Achievement gaps lurk within some elite Michigan schools, state report shows

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David Zeman
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Data show need for more teacher support and collaboration

Publication date: 
August 2 2012

ROYAL OAK, MICH. (August 2, 2012) – As Michigan begins to implement its new statewide school accountability system, the Michigan Department of Education today released its annual Report Card on Michigan schools. And schools that have been lauded for years as models of high achievement received some unpleasant – but ultimately necessary – news.

The state lists 358 schools as “Focus Schools” – not among the worst schools in the state, but a troubling signal that many of their students are being left behind. Some Focus schools actually rank high in overall student achievement. But they are on this newly created list because they have the largest performance gaps between the bottom and top 30 percent of students in their school.


Communities that have long prided themselves on their school systems are now left to ponder some stark disparities. For example, 27 of 32 schools in the Ann Arbor Public Schools are Focus schools, the MDE report shows, including Pioneer High School, whose overall student achievement places it in the 88th percentile among traditional public and charter schools in the state.

In Novi, seven of nine schools are listed as Focus schools. In West Bloomfield, six of nine schools are Focus. The state requires Focus schools to go through training and narrow gaps among their students to be removed from the list.

The Education Trust-Midwest applauds MDE for highlighting achievement gaps that, in the past, were often masked by a school’s solid overall performance. This is the first year MDE has prominently highlighted gaps within individual schools.

“Many schools will face challenges as the new system identifies learning gaps in their schools,” said Amber Arellano, executive director of the Education Trust-Midwest, which works to close achievement gaps in Michigan. “It would be easy to try to avoid or deny this news. It’s important that schools and parents take the time to understand what the new school labels mean – and embrace the opportunity to make meaningful changes to better support our students.”

The gaps, even within high-achieving schools, also highlight the need for Michigan to provide greater support and collaboration among teachers so that they can boost achievement for all students, no matter what school they attend.

The new designation of Focus schools is part of the MDE’s more rigorous school accountability efforts that helped convince the Obama Administration to grant Michigan a waiver from portions of the No Child Left Behind act last month.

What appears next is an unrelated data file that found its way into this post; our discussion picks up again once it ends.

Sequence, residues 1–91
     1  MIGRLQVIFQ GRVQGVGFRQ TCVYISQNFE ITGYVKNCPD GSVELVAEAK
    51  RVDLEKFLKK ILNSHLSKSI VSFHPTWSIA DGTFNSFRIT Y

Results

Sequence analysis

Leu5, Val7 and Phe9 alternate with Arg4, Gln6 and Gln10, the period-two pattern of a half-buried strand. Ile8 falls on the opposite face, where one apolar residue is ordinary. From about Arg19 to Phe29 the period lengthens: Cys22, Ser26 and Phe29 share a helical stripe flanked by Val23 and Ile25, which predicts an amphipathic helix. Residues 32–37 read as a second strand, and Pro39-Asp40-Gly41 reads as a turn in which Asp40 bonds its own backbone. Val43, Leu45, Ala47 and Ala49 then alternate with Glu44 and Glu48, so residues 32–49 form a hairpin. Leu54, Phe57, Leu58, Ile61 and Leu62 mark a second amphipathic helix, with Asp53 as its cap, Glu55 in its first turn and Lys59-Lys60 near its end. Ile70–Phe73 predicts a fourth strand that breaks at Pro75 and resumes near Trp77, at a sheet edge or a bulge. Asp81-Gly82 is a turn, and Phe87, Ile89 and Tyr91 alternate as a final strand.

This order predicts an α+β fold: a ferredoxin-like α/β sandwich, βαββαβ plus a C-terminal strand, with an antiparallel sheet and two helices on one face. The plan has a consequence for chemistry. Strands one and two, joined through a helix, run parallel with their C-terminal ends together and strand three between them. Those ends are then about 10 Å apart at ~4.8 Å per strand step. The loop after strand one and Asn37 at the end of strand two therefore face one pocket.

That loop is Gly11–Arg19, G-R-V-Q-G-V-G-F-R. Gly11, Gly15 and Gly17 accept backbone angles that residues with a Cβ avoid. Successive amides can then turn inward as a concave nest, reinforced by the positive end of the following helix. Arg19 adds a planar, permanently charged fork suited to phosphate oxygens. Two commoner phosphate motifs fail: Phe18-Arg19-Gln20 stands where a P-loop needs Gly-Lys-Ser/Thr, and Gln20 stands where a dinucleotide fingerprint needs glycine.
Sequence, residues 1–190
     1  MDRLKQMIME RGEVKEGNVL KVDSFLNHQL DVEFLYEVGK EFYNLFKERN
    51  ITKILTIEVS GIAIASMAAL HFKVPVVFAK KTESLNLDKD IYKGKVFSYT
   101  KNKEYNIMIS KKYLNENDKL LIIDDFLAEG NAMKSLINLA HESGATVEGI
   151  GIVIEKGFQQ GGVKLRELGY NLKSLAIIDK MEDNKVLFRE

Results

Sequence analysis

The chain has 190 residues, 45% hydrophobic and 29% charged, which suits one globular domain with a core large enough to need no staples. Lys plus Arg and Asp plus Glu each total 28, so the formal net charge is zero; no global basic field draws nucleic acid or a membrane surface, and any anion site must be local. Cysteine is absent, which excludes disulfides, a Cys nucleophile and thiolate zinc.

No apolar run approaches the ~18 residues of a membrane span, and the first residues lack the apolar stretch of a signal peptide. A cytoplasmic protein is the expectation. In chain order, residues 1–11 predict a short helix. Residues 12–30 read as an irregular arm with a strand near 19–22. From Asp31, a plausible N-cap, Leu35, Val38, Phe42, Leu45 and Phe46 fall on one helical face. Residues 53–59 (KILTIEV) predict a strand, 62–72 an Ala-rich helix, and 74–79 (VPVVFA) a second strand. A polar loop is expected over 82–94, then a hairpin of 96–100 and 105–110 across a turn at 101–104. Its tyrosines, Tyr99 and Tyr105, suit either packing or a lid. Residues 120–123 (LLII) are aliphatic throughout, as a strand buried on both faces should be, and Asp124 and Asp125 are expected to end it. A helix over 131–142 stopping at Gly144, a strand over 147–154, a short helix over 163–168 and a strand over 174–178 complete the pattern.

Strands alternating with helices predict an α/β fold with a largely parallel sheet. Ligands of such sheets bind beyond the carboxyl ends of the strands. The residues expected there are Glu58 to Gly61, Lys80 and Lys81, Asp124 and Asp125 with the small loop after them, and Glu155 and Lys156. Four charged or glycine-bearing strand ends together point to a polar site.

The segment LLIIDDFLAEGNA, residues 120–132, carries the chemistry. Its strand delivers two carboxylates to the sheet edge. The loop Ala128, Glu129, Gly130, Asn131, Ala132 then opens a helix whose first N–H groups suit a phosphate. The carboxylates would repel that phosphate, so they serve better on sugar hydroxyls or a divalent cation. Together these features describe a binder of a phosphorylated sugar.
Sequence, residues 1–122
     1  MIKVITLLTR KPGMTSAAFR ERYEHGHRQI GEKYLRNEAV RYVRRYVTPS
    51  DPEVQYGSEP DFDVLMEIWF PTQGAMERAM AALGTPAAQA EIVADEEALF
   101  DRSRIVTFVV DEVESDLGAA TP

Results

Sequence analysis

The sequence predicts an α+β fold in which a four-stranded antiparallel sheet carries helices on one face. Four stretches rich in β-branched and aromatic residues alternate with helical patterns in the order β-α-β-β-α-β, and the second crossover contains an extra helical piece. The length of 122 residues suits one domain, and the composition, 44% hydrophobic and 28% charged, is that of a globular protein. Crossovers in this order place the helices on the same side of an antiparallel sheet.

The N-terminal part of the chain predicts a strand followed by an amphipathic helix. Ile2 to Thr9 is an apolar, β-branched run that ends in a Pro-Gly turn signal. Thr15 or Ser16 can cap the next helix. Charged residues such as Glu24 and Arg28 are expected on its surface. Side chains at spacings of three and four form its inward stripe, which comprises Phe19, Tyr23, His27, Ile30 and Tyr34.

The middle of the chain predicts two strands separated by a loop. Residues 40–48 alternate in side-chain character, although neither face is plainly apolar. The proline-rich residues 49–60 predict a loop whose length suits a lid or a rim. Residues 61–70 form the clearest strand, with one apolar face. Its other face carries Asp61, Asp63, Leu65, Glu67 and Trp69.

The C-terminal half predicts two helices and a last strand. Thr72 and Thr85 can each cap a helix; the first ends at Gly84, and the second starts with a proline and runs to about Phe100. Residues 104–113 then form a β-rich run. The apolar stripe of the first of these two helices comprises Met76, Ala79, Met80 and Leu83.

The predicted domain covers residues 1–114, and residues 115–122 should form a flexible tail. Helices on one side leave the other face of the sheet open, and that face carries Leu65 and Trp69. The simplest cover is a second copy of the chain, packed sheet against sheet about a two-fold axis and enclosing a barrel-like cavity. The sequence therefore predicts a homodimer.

In its report, the MDE also identifies Michigan’s lowest-performing traditional public and charter schools (those ranked in the bottom 5 percent), which are now known as “Priority Schools.”  Today’s report names 146 Priority schools, a list overwhelming populated by high-poverty schools. These schools are required to undergo more intensive interventions, which can include significant staffing changes or being placed in the Education Achievement Authority.

On the positive side, the MDE lists 286 “Reward Schools,” which are ranked among the top 5 percent in the state, have made large gains in achievement in the past year, or otherwise defied expectations given the challenges of their student populations. Among those listed are the David Ellis Academy, a Detroit charter school, and Bernice McDowell Elementary School in the Taylor School District.

The Education Trust-Midwest notes that, even under the new grading system that highlights Focus and Priority schools, there are undoubtedly many schools in Michigan that do not fall within either category and yet almost certainly are failing wide swaths of their students. We call on these schools – whether labeled or not – to identify gaps among student populations and work to close them. No school accountability system is perfect. Even so, the gaps found in Focus schools will identify many students whose struggles often previously went undetected.

“These gaps are real and unacceptable, whether students are black, brown or white, poor or more affluent,” Arellano said.

The Education Trust-Midwest is Michigan’s only statewide nonpartisan policy, research and advocacy organization focused on what is best for Michigan students. Our mission is to work for the high achievement of all students, particularly low-income, African-American, Latino and American Indian students in Michigan, and to provide honest, reliable information to our state’s families and policymakers.

www.edtrustmidwest.org 


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